Cinderella May Be Sleeping in Her Car

Abigail Disney Dissects the Family Business

Abigail Disney is a millionaire many times over. Granddaughter of Roy Disney, who founded the entertainment empire with his brother, Walt, she always has been and always will be rich. Throughout her newest documentary, The American Dream and Other Fairy Tales, she acknowledges her privilege time and again. But she manages to make the story less about her and more about the workers in Disney theme parks who cannot afford apartments or groceries. More broadly, she presents an easy-to-watch primer on how U.S. workers have been losing ground since the Reagan administration. 

The film follows a handful of workers at Disneyland. The Walt Disney Company, now a publicly traded multinational, calls theme park employees “cast members.” They organize hoping for better wages through their union. A couple with children and two single women appear throughout the film talking about the struggles of working at the Happiest Place on Earth. All are living with friends or family because they cannot afford a place of their own. One talked about a period where she lived in her van. They volunteer together in a food pantry specifically for “cast members” and use it themselves. Disney is co-director of the film with Kathleen Hughes and also serves as the onscreen interviewer. When she asks a large group of park employees if they know coworkers receiving SNAP (Supplemental Nutrition Assistance Program) benefits,, most raise their hands.

Disney reminisces about the Disneyland of her childhood, when she says that park employees could afford to raise families and buy modest homes. We see footage of Abigail testifying before Congress that “Yes, managers have a fiduciary obligation to their shareholders. But they also have a legal and moral responsibility to deliver returns to shareholders without trampling on the dignity and rights of their employees and other stakeholders.”  

Indiana Rep. Trey Hollingsworth angrily accuses her of advocating “socialism.” Far from it. Disney is calling only for reasonable limits on capitalism, such as the reinvigoration of organized labor and limitations on skyrocketing CEO pay. She tries to talk with Disney’s then CEO Bob Iger about his compensation, which was $47 million in fiscal 2019. The film was shot in 2020, when Iger took a pay cut because of the COVID crisis and had to live on just $21 million. Those figures are hard to hear when the camera rests on workers, sorry–cast members– furloughed from their jobs during the pandemic and fearing permanent layoff.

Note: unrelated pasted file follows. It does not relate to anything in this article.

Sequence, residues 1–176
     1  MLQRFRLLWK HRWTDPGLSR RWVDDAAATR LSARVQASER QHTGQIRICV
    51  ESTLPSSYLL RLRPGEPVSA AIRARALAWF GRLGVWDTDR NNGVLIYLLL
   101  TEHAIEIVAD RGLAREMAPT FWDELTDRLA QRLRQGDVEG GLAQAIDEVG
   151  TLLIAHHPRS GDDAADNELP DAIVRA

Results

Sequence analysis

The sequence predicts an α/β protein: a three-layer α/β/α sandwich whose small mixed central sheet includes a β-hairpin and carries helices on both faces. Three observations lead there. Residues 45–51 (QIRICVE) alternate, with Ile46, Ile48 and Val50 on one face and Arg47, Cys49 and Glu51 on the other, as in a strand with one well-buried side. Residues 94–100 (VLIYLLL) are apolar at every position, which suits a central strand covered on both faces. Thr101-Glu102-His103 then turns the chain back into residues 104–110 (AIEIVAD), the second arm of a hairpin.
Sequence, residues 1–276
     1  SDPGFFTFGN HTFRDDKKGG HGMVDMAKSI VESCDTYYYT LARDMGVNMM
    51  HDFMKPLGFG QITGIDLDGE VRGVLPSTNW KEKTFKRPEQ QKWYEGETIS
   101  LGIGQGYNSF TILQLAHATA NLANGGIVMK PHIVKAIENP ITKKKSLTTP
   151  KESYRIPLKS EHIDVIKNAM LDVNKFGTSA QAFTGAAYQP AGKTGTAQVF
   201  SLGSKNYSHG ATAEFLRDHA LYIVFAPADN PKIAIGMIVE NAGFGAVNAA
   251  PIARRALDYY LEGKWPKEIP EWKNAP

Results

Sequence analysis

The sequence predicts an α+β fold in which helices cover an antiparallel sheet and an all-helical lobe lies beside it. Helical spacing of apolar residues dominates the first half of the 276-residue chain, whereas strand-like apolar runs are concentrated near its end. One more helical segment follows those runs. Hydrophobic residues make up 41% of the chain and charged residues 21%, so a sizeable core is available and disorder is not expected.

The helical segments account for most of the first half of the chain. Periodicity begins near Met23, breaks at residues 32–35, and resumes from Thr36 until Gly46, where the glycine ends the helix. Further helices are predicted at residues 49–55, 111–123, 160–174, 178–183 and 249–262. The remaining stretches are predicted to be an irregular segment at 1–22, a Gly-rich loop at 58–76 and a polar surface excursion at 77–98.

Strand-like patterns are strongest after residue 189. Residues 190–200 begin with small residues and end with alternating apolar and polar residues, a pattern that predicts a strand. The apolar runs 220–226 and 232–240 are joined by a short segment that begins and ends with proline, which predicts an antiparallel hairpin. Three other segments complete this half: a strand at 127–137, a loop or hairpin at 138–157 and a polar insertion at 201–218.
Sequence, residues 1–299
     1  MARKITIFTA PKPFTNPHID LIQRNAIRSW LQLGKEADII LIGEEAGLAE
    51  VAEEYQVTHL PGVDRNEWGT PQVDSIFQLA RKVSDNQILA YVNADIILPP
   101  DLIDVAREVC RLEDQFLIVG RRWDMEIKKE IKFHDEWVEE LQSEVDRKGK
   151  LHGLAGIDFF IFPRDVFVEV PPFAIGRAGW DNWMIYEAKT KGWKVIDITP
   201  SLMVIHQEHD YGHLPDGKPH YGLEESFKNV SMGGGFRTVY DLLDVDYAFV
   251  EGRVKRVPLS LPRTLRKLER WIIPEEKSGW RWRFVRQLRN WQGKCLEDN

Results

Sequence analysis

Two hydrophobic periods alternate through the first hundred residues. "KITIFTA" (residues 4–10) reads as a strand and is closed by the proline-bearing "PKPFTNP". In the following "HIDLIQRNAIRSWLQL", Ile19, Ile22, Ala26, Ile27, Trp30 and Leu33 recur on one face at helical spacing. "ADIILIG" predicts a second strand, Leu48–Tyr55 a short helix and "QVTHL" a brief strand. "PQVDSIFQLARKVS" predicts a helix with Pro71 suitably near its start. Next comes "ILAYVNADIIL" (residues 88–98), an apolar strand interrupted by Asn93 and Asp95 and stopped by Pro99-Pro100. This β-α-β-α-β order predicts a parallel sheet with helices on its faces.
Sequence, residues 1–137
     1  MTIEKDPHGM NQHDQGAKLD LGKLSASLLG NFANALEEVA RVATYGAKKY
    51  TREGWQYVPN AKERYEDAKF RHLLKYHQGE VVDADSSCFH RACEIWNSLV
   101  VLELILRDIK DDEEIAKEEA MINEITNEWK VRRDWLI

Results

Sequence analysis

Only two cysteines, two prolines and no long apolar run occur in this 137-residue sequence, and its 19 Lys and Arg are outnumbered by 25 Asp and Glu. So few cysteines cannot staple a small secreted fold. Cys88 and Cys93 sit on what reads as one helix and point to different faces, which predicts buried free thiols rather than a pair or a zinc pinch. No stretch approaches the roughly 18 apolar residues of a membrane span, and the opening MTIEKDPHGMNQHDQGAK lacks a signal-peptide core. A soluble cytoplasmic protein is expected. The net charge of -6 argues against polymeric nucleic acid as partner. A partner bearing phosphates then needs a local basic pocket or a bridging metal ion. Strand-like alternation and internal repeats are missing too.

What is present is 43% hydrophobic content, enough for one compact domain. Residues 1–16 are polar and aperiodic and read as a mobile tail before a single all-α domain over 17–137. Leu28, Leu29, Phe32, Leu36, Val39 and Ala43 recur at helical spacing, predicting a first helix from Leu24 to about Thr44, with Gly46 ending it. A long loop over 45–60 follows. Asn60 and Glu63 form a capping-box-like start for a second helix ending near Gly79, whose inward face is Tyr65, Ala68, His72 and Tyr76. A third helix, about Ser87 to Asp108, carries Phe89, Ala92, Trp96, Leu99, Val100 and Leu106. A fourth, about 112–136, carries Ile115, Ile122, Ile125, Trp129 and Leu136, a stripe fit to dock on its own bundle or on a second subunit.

Disney emails “Bob,” whom she describes as a “nice.” Iger refers her to his head of human resources, who talks about the company’s education program. Disney finally sends a copy of the film to him as a follow up. The filmmakers solicited comment from the Walt Disney Company, but no one sat down for an interview.

The film is strengthened by extended interviews with Heather McGhee, author of The Sum of Us: What Racism Costs Everyone and How We Can Prosper Together. McGhee provides the critical perspective that the good old days of the growing middle class, when a janitor at Disneyland could buy a house, were not so good for everyone. Government subsidies that made home ownership possible for so many excluded Black and brown people by design. The good union jobs that created a decent standard of living went overwhelmingly to white men. McGhee and Disney give a history lesson on how neoliberalism removed capitalism’s muzzle and how government investment was directed away from families in favor of corporations. The city of Anaheim, for example, paid for a Disney resorts behemoth parking garage that it rents to the company for $1 a year.

DSA members won’t see much they did not already know about wealth inequality and government giveaways to the rich. But the film is a very clear and convincing introduction to these ideas for your friends and relatives who have not gotten the memo yet.

Though, as I said, Disney does not make it all about her, her own reaction to the company that shares her name is instructive. She has no role in the management of the company and has actively spoken out to its executives about their immoral treatment of workers and other social justice issues. But as a shareholder she profits from that corporate evil. It is a wonderful frame for understanding white privilege, which is a wonderful frame for understanding original sin. You don’t have to do anything to be tainted. 

The only salvation for white people like myself, of course, is to face the truth, to be aware of the years of injustice that still smile on us, and to tear down the structures that prevent equity. That’s what The American Dream and Other Fairy Tales tries to do. Of course, no single act of advocacy can finish the job. It’s the work of a lifetime– at least. 

That work is struggle. A bit of entertainment can help keep us going. Several times since watching the documentary, I have imagined Bob Iger opening an email and seeing a film about the obscene gap between him and the people who do the work to make Walt Disney Company profitable. That’s something close to magic.